3. *If you don’t have a mold, all you have to do is cut the bottom off the Spam can. Now you have the perfect sized mold to assemble your musubi. Be mindful of the cut edges though!
  4. Ok, assembly time. Set up your assembly station so that all your ingredients are close at hand. So have your rice, nori, Spam and mold right to the surface you will be working on. Also, keep a bowl of water handy for keeping your hands and tools wet. Anything that will touching the rice should be kept wet so that the rice doesn’t stick to it.
  5. Cut the nori sheet in half lengthwise. It should be the same width as the Spam is long. You can cut it to any width you want, depending on how you want the finished product to look. I like the nori to cover the entire musubi, so I don’t get rice on my fingers when I eat it. Keeps thing neat, especially if you like to eat and run.
  6. Lay down the nori first (shiny side down), then put the mold on top. Take a little rice and put a layer about the thickness of the Spam in first. Follow with a slice of Spam, making sure you have some of that delicious sauce to get absorbed by the rice. Then, lay down another layer of rice on top of the Spam. Again, I do this to make it easier to eat on the run. Now that you have all the layers laid down, gently pack it down with the top of your mold. If you’re using the can, you can pack it down with a spoon.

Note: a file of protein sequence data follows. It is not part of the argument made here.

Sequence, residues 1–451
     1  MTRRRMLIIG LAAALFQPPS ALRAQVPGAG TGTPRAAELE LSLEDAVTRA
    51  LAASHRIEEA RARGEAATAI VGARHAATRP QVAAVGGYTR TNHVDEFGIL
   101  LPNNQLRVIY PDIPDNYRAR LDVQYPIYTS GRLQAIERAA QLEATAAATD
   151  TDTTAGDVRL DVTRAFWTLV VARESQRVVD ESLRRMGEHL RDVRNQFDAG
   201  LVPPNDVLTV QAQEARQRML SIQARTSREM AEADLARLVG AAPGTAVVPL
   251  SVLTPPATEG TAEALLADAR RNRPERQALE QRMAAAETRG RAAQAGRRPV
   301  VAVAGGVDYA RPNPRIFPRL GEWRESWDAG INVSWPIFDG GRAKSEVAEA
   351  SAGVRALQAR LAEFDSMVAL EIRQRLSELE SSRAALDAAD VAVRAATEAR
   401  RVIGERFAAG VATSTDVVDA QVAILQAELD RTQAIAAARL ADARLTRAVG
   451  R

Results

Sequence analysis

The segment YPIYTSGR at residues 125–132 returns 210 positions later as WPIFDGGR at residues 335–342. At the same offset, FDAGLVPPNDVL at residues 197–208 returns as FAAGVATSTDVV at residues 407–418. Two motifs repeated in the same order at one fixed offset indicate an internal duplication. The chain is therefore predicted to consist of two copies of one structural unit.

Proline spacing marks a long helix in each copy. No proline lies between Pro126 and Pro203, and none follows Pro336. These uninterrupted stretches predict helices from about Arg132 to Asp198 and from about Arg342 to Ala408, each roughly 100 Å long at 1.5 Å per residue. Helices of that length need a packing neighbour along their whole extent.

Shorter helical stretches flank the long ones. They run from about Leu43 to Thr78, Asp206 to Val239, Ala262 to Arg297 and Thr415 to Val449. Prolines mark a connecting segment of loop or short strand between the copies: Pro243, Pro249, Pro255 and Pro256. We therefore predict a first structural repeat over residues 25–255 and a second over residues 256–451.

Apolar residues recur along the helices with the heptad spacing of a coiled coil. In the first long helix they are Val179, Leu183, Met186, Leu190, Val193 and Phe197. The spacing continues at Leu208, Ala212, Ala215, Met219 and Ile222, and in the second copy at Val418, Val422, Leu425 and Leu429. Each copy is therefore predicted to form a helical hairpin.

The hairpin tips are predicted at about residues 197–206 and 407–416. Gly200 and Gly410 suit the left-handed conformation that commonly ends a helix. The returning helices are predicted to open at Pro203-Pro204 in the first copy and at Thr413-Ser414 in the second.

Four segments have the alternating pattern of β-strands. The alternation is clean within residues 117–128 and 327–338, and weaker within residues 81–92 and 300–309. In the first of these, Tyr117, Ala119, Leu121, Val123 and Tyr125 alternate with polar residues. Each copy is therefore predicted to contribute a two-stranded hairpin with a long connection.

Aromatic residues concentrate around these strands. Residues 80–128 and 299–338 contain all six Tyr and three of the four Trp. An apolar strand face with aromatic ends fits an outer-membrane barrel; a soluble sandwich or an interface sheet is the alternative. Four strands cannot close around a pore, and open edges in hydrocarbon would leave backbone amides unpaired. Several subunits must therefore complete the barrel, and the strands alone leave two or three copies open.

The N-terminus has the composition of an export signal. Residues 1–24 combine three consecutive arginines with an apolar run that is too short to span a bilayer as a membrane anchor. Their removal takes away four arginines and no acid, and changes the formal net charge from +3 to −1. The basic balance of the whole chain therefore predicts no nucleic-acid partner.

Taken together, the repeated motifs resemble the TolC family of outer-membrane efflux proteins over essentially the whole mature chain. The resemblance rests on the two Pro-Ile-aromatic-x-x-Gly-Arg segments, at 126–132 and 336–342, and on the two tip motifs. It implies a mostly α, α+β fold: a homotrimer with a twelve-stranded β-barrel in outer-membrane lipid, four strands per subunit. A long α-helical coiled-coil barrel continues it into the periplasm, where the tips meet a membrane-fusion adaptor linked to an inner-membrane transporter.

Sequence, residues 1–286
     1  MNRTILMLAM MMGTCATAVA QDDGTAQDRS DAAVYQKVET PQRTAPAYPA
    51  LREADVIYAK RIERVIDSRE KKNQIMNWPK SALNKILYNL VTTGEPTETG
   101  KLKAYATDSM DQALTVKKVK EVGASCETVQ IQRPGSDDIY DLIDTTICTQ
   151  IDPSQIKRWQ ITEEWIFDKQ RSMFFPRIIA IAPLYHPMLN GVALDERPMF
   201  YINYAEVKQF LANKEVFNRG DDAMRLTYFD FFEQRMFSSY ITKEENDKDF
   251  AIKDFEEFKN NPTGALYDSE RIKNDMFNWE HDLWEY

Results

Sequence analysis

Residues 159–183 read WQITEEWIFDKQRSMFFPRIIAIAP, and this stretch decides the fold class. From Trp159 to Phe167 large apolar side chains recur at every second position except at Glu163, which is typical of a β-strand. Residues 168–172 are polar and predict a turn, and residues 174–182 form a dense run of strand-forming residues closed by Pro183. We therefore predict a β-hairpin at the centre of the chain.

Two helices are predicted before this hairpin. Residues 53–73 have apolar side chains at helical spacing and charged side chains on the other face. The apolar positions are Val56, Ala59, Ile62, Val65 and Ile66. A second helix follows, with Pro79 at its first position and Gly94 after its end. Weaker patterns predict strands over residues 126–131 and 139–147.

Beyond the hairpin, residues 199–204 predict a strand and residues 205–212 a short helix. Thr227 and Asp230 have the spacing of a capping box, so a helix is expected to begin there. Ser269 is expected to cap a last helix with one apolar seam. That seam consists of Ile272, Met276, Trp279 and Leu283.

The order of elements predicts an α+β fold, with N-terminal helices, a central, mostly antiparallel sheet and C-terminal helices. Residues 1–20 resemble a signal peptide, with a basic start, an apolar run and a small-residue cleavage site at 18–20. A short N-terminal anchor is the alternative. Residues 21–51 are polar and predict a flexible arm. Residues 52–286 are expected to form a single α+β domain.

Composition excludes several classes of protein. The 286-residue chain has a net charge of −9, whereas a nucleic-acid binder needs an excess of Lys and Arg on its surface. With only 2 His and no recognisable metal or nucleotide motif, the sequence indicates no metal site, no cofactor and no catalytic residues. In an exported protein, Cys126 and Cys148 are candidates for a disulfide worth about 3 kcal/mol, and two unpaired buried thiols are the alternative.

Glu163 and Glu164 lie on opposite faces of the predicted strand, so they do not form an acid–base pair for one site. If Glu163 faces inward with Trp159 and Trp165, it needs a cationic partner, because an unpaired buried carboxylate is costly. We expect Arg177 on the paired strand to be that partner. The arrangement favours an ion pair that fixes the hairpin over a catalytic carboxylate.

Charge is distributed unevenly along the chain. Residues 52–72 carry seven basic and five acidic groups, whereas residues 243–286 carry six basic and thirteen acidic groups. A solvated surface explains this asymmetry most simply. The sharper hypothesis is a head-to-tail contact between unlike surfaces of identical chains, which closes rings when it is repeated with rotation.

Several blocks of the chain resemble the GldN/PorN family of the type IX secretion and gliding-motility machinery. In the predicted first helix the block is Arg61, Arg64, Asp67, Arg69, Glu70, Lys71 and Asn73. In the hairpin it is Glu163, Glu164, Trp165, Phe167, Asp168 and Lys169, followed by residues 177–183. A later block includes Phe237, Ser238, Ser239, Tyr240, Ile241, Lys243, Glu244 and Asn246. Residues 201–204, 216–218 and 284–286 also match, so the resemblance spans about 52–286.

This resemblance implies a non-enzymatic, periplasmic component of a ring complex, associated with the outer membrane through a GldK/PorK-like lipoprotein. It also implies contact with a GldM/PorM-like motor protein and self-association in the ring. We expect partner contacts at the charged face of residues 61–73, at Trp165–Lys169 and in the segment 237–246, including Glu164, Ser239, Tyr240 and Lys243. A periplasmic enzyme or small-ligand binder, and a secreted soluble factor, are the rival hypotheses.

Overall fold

7. Now, carefully take off the mold, leaving your beautiful creation on the nori sheet. Wrap the nori around the rice and Spam and seal it by dipping your finger in a little water and dabbing a little on the end of the nori.

Courtesy eatsofasia

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Agedashi SPAM

BT Calgary | posted Monday, Jan 5th, 2015

Each Monday this month we’re challenging Calgary’s best chefs to create a dish featuring Spam! Here to kick it off for us is Pierre Lamielle!

Agedashi Spam


  • Kombu (dried seaweed)
  • Dashi (dried fish flakes)
  • Soy sauce
  • Rice wine vinegar
  • 1 can of Spam
  • 1/2 cup of cornstarch
  • Oil for frying


  • Sliced green onions
  • Fresh ginger, grated


  1. Place kombu and bonito flakes in a bowl. Cover with boiling water. Leave to cool, strain and chill until needed.
  2. Adjust seasoning to your taste with rice wine vinegar and soy sauce.
  3. Fill a deep pot with 3 inches of frying oil.
  4. Cut Spam into two-bite cubes. Toss in rice flour or corn starch, ensuring an even and thorough covering.
  5. Deep fry the cubes, making sure all sides brown evenly. Remove from oil and place on a piece of paper towel. You will need to eat them quickly.
  6. Serve three cubes of hot and crispy Spam with a generous glug of your dashi dressing. Top with freshly grated ginger and finely sliced green onions.

Eat immediately while the spam is crunchy and hot!

Courtesy Pierre Lamielle